I found this touching post at Wright off the Bat with a tip of the hat to Monday Morning Insight.
A letter to God:
God. I love you. You know that. But sometimes I have questions that seem to almost border on disrespect. May I ask one of them now? Why do you give some people harder assignments than others? Why do some people who serve you seem to get a "harder lot" in life? Why are there some ministers who live in shacks for houses and labor tirelessly for rewards that are eternal while their stomachs are starved for food? Why are some called to labor among the poor, the wretched, drug dealers and prostitutes while others serve in the comforts of suburbia, far from crime and gangs? Why do some suffer heart break, loss, anxiety attacks and bodily harm while others have luxury cars, million dollar houses and hefty bank accounts? Why do some endure ghastly pain, perilous nights and sullen days while others see victory after victory? I know that all people who truly serve you suffer in some way. There is joy in suffering when it is done in Your name. But some people seem to suffer a lot more than others. There is a disconnect going on here God that I am not quite understanding. Why do some preach in tailored suits behind oak pulpits while others cover themselves in rags before mounting a wooden crate beneath an oak tree? Who decides who gets to pastor the mega churches and who plants the church in the inner city surrounded by gang warfare? This is not a matter of jealousy God; this is a matter of life and death. I just want to know why some of your servants will toil for the rest of their lives in what seems like mundane futility while others will see substantial fruit yielded day after day. I know that all true rewards are eternal and perhaps this is the part of me talking that is all too human. I'll take whatever mission you give me not because I am a cold foot soldier merely taking orders but rather because I love you deeply. But please answer me this; why do some people get harder assignments than others? Amen.
God gifts us for what we are called to do. The small church pastor may not be able to handle a mega-church. The mega-church pastor may not be able to truly love a small congregation. Some are called to plant, others to water, still others to kill weeds, but God provides the increase and He decides if we are there to see it happen.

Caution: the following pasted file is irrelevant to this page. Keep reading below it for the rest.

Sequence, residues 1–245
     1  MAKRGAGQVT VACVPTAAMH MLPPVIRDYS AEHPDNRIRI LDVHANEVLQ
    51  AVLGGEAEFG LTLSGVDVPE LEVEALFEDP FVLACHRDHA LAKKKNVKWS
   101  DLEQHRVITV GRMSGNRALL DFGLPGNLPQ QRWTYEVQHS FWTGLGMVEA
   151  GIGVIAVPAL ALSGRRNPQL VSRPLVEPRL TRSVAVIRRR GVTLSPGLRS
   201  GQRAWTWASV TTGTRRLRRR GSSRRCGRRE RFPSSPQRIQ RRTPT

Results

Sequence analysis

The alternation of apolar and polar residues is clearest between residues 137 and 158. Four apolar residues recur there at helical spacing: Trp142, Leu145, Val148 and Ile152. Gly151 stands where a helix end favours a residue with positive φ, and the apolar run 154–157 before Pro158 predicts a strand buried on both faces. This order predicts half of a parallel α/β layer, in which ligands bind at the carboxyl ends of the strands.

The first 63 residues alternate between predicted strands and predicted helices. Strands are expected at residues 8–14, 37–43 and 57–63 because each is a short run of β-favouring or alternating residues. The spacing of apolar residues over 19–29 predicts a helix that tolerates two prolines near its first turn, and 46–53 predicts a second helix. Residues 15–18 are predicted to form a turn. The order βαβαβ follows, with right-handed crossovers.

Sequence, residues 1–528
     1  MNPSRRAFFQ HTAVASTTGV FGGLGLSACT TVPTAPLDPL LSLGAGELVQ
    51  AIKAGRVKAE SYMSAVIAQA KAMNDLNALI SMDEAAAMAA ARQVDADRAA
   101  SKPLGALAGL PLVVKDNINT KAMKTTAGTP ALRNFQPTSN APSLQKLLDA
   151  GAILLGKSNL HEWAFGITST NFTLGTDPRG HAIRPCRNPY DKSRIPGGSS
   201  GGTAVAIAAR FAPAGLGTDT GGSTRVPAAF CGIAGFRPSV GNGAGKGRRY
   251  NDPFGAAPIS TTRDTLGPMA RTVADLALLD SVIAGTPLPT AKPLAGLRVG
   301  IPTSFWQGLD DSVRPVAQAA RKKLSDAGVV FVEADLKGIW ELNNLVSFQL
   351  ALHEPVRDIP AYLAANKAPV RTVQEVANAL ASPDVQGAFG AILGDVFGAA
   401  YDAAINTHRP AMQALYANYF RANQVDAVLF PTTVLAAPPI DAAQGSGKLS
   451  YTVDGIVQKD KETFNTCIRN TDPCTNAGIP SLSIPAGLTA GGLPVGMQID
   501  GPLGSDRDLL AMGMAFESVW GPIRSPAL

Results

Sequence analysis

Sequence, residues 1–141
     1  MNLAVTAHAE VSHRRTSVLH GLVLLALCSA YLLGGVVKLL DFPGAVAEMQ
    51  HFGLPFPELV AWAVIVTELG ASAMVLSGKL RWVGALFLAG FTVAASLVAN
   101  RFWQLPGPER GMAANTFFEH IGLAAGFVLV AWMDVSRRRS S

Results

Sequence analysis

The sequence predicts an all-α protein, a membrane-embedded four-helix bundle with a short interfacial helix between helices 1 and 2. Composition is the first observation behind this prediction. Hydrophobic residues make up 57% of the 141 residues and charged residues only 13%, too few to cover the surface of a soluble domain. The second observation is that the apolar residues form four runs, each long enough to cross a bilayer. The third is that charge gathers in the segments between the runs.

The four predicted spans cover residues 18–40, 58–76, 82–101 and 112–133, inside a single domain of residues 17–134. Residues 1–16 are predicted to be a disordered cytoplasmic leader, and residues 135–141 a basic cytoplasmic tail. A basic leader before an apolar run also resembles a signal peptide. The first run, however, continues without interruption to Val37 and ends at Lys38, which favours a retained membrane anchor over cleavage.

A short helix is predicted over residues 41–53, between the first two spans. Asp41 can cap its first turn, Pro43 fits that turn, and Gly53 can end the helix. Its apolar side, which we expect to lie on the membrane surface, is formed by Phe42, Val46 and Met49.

This isn't a new question. I ask the "why" question when I look at my three beautiful kids and compare them to the families who struggle with rebellious and prodigal children, and to the couples desperately wanting to have children like mine only to have biology get in the way. "Why am I so blessed, Lord?"
I ask the "why" question when I look around at all the material blessings of my life -- a couple of vehicles, a nice house, a computer with DSL -- and compare that to the family down the street who struggle to come up with money for electricity, or the majority of the African continent who would see my lower-middle class income as incredible wealth. "Why am I so blessed, Lord?"
I ask the "why" question when I realize that all the health issues in my family are but minor inconveniences, but the woman at church has gone through three cancer operations, two rounds of chemo and is currently in the middle of radiation treatments and the doctor is hoping just for 5 more years cancer-free. "Why am I so blessed, Lord?"
I ask the "why" question when I read about the problems that so many pastors have within their congregations while I don't have to deal with the degree of trechery and stubbornness they do. "Why am I so blessed, Lord?"
I ask the "why" question every stinking day. And while sometimes I ask it like Job, floored by his sufferings, most of the time I ask it like the mother who watched Jesus raise her daughter from the dead -- overcome by the incredible grace of Almighty God.